Kalinauskas v. Wong, No. CV-S-92-689 PMP (RJJ) (D. Nev. July 3, 1995) (order dismissing the action) at 14-15. After reviewing the case law, the district court ordered dismissal of the complaint and awarded $4,795.10 for expenses and costs against the plaintiff and her counsel.

The plaintiff has appealed. This court has observed in similar cases that district judges are "best equipped to assess the circumstances of the non-compliance." See Halaco Eng'g Co. v. Costle, 843 F.2d 376, 379 (9th Cir. 1988). A district court may impose a variety of sanctions, including dismissing the action, for failure to comply with a discovery order. Fed. R. Civ. P. 37(b) (2). We review the dismissal only for abuse of discretion. Halaco Eng'g Co., 843 F.2d at 379. We have carefully considered each of the plaintiff's arguments. As our case law demands, we weigh carefully, as did the district court, the factors underlying the sanction of outright dismissal for non-compliance with discovery orders. However, where the violations are as egregious and abusive as in the present case, we find the district court in the interest of justice had no alternative but to dismiss the complaint. There is evidence in the record that Kalinauskas participated along with her attorney in knowingly evading the discovery orders.

We find no abuse of discretion and affirm the district court's order of dismissal.1 



The panel unanimously finds this case suitable for decision without oral argument. Fed. R. App. P. 34(a) and Ninth Circuit Rule 34-4


Honorable Donald P. Lay, Senior Circuit Judge for the Eighth Circuit, sitting by designation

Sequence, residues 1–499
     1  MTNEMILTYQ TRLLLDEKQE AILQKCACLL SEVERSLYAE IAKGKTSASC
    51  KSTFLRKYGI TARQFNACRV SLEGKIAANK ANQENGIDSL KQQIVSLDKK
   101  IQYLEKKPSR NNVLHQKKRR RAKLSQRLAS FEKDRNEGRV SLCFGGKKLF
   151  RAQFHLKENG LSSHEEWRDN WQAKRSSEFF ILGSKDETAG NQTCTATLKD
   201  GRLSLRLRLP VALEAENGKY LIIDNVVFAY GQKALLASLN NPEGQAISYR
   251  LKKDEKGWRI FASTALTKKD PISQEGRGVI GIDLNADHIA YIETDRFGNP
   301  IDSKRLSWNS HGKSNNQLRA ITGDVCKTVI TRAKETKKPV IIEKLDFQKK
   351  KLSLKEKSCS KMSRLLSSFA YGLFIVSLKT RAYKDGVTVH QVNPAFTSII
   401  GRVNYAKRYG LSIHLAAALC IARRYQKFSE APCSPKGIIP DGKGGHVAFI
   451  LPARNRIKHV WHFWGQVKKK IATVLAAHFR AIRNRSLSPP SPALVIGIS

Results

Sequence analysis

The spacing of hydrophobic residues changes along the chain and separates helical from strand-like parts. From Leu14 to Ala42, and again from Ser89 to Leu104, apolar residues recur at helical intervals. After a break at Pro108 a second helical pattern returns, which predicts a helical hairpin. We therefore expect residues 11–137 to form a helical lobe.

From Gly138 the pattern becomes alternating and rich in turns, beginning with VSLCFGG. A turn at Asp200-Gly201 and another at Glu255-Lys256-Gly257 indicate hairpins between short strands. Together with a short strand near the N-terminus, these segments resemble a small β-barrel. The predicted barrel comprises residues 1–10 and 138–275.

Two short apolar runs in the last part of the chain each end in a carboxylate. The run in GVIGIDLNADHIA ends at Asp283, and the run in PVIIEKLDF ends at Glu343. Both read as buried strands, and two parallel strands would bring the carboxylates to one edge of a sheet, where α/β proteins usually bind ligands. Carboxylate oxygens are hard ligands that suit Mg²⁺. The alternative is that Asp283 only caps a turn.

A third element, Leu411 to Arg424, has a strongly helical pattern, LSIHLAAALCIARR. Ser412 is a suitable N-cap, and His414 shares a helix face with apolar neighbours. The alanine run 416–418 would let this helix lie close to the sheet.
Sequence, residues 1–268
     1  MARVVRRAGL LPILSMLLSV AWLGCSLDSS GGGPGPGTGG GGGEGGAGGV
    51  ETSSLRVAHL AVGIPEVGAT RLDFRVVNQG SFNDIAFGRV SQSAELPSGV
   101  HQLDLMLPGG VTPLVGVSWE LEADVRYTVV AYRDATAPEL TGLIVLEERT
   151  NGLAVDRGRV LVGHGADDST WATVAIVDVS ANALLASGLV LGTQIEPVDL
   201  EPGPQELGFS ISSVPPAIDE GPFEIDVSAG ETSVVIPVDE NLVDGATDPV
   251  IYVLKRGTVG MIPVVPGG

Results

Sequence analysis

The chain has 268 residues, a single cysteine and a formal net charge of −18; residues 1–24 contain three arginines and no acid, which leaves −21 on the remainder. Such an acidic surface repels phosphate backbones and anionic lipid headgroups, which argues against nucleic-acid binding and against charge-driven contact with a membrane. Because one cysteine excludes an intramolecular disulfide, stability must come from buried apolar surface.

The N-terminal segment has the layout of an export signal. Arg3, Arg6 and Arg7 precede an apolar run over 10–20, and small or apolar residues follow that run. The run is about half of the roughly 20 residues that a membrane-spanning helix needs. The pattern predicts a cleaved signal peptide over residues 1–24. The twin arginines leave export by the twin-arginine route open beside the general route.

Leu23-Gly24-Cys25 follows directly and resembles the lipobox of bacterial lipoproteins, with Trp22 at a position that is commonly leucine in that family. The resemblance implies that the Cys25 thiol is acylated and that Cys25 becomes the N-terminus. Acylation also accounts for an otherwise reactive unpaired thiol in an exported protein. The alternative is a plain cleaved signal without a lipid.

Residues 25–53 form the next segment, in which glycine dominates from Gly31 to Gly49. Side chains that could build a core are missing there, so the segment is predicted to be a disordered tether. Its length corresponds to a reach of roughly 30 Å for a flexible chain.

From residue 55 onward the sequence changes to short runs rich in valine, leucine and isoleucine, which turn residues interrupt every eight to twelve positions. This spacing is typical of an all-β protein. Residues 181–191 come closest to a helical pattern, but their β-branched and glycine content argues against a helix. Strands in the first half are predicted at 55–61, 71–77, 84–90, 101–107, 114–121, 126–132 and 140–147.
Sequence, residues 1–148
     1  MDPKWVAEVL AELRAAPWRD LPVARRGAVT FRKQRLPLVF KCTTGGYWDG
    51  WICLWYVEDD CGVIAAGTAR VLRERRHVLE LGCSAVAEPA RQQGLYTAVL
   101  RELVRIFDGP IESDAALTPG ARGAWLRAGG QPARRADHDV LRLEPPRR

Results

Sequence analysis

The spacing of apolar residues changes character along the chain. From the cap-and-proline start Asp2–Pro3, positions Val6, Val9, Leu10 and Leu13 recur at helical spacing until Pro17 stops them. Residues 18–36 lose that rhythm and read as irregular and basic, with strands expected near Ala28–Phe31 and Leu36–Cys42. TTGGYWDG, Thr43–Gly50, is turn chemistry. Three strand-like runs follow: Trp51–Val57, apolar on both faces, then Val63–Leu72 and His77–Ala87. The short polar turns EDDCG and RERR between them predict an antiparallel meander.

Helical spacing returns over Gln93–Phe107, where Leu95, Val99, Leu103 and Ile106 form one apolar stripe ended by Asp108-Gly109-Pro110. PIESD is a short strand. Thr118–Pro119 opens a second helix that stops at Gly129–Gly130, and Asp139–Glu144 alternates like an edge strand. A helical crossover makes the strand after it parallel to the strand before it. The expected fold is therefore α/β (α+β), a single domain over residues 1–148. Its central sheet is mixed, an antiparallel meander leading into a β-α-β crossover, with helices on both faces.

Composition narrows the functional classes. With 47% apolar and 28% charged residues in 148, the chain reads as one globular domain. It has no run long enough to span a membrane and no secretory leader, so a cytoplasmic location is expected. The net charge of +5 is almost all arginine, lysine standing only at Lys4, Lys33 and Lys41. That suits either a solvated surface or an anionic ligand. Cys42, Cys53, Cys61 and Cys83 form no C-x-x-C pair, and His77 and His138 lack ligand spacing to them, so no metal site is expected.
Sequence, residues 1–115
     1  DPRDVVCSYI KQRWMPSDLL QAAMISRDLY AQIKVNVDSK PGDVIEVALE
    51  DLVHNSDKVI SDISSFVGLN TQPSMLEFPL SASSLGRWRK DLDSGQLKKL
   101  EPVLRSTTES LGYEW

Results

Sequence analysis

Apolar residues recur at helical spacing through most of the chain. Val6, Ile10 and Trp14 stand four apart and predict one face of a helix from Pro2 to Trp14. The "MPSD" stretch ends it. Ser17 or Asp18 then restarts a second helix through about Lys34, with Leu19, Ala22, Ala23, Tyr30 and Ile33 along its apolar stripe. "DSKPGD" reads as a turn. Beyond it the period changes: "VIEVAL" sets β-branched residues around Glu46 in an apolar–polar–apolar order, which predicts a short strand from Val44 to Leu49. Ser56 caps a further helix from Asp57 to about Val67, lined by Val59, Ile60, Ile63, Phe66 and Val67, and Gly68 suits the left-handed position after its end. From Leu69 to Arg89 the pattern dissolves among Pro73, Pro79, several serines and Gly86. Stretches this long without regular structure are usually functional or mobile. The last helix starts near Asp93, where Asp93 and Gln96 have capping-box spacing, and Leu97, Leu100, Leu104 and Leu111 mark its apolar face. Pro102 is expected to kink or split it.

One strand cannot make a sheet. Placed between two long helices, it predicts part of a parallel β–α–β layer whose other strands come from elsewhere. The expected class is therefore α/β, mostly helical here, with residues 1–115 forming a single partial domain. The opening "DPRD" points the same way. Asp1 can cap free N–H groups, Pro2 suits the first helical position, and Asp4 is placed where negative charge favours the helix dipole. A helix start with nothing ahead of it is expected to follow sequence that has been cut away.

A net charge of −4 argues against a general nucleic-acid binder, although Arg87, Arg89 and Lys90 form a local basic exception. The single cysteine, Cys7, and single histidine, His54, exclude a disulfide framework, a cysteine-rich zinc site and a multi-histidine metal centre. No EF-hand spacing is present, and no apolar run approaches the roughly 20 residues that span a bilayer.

* This disposition is not appropriate for publication and may not be cited to or by the courts of this circuit except as provided by 9th Cir.R. 36-3


The plaintiff has also appealed the district court's sanction of her attorney under Rule 11 of the Federal Rules of Civil Procedure for his earlier motion to disqualify defense counsel. We find no error in the sanction

Kalinauskas, through her attorney, Ian Christopherson, moved the court to disqualify various defense counsel on the basis that Caesars Palace improperly attempted to dissuade a plaintiff in an unrelated case against Caesars from testifying in this case. In August 1994, the magistrate judge denied the motion, deeming it baseless and a mere attempt to vex the defendants or to gain a tactical advantage. Kalinauskas v. Wong, No. CV-S-92-689-PMP-(RJJ) (D. Nev. Aug. 31, 1994) (magistrate judge's order on Motion to Disqualify Counsel). The magistrate judge sanctioned Christopherson personally, ordering him to pay the defendants' firms a total of $4,750 and to attend four hours of ethics education.

In her Reply Brief, Kalinauskas does not dispute that she presented no evidence to support her motion at the time of the hearing. Nor does she contend that she renewed her motion or asked the district court to reconsider sanctions after a witness had written the June 9, 1995 letter to the court discussing her confidentiality agreement with Caesars Palace. Based on the lack of evidence before the magistrate judge and district court at the time of the motion to disqualify, the court did not clearly err by determining there was no factual basis for the motion. Thus, the court did not abuse its discretion by sanctioning Kalinauskas' attorney for bringing a baseless, tactically motivated motion to disqualify defense counsel.